The reason we may be so fearful of the renovation business is that we feel we are about to be taken for a ride at every turn. However, the more you know, the more confident you’ll feel. Read up and ask around. Trust the older generation — they often know a great deal about DIY, though perhaps not always the latest about design trends (my dear dad managed to talk me out of painting my walls pale pink, with just one look of incredulity!). Nonetheless, the old folks appreciate being asked for their two cents’ worth — and it’s a great topic to have in common.
Renovating your kitchen — the heart of the house
As far as your kitchen layout is concerned, the first unit to begin planning from is your corner cabinet. Think about having a triangle between the cooker, fridge and sink, though you might want to put the sink under the window. Choose drawers over cupboards on the bottom as it’s much easier to find what you are looking for with less effort. It’s always worth going for a corner spinning shelf device to make it easy to find your pots and pans.
Unfortunately, that was a space luxury I did not have in my kitchen, but I did have the boiler moved from the bathroom and a new one put into the corner cabinet out of sight (you will need certified electricians for this). There will often still be space in there for items that you don’t use as often (like a gas bottle if you need one).
Bathrooms can usually be updated fairly cheaply by tiling over the top of previously existing tiles. Take out the toilet and sink first to avoid having to cut tiles around them. We ended up keeping our bath rather than installing a shower unit to keep costs down, but also because we like baths and hadn’t had one previously in our Hong Kong rentals. I ordered the shower screen to be delivered to work from Alibaba and it was a tenth of the price I was quoted in Wan Chai and exactly what I wanted. We installed it ourselves.
Let there be light — install electric outlets
The next thing you need to do, once you have the layout is to think about lighting and electric plug sockets. Hong Kong electricians charge by the light switch and plug socket. You will need to mark these out on the walls and on your plan, or directly onto the wall. A can of red spray paint should do the trick. One thing I forget every time I do a renovation is to put a plug in my kitchen wall cabinets for the under wall-cabinet lighting. You will also need to consider electrical appliances. I usually go for three double plugs on the worktop and the same underneath, especially if you need a fridge, dishwasher, washing machine and cooker. Make sure the plugs are not situated above your cooker top or your sink!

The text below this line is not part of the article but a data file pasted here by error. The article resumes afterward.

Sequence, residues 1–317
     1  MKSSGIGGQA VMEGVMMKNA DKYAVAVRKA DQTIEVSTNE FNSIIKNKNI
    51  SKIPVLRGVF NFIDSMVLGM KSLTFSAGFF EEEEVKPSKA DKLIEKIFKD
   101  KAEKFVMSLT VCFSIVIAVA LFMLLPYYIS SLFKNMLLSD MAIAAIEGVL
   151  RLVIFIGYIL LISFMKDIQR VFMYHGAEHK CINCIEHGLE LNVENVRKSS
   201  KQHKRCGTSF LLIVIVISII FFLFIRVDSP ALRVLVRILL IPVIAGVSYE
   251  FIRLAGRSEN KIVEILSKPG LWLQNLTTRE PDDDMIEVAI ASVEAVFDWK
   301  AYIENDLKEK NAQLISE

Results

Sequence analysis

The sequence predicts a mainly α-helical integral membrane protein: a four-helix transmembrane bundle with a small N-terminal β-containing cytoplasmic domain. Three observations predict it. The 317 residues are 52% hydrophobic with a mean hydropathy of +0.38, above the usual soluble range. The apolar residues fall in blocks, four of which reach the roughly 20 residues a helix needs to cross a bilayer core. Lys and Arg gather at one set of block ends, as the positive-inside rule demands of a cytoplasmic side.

There is more than just colour to take into consideration. For bathrooms, check if they become (in the words of Bon Jovi) slippery when wet. The surface is also important when it comes to cleaning and water marks. The biggest boo boo I made with my Lamma project was to choose bathroom floor tiles that show every watermark, which makes them look constantly dirty. When buying terracotta or other natural materials, ask your tile supplier about sealant. Most suppliers will give you samples to try out at home.
For the living room, I love hardwood floors and have used them on previous projects overseas. However, hardwood floors cannot be laid on top of tiles, and so we had to go with laminate flooring. There are some excellent quality laminates out there which look and feel like wood. They’re great for the humid Hong Kong conditions, they click together and they’re easy to install on top of sheets of the subfloor. If you don’t use them all, your supplier will often buy back those in complete packaging at a discount.
Shopping for your home renovation
Contractors in Hong Kong are often familiar with working with certain types of projects or materials. They may, therefore, tell you what they can source for you. I personally prefer to source my own sanitaryware, tiles, taps, kitchen, windows and even paint.
A trip to either Lockhart Road in Wan Chai or Portland Street in Mongkok will initiate you as to what’s available and help you get an idea of prices, though taps are generally cheaper online. Always record quotes with serial numbers, shop names and addresses to save time later re-trawling shop after shop. You can take these numbers to your contractor who can often negotiate you a discount (but most shops will give you a 10 to 15% discount directly if you ask nicely).
They will also deliver to most places in Hong Kong, except to outlying islands (for outlying islands, your supplier may be able to arrange delivery to a cargo depot for an additional fee).
Have a go at DIY
Installing your own kitchen from places like Ikea is easier than you might think. They are designed for anyone to put up, though you may need help with the worktop. We were lucky because the previous owners of our flat had left (literally) a ton of tools, so we were well-kitted out and this encouraged us to have a go at jobs. With the help of YouTube and a bit of grit, you can save yourself a lot of cash and learn new skills at the same time. I laid the tiles on the balcony myself (in the image above) and it really was easier than I thought!
A shout out to women especially: men might look at you like you’re mad, but come on, if they can do it, well it can’t be that difficult, can it? To be fair, my husband and I both have grown a lot in DIY confidence and started doing all kinds of stuff we never thought we were capable of.
My advice is to get some tools and get stuck in! It’s surprisingly satisfying!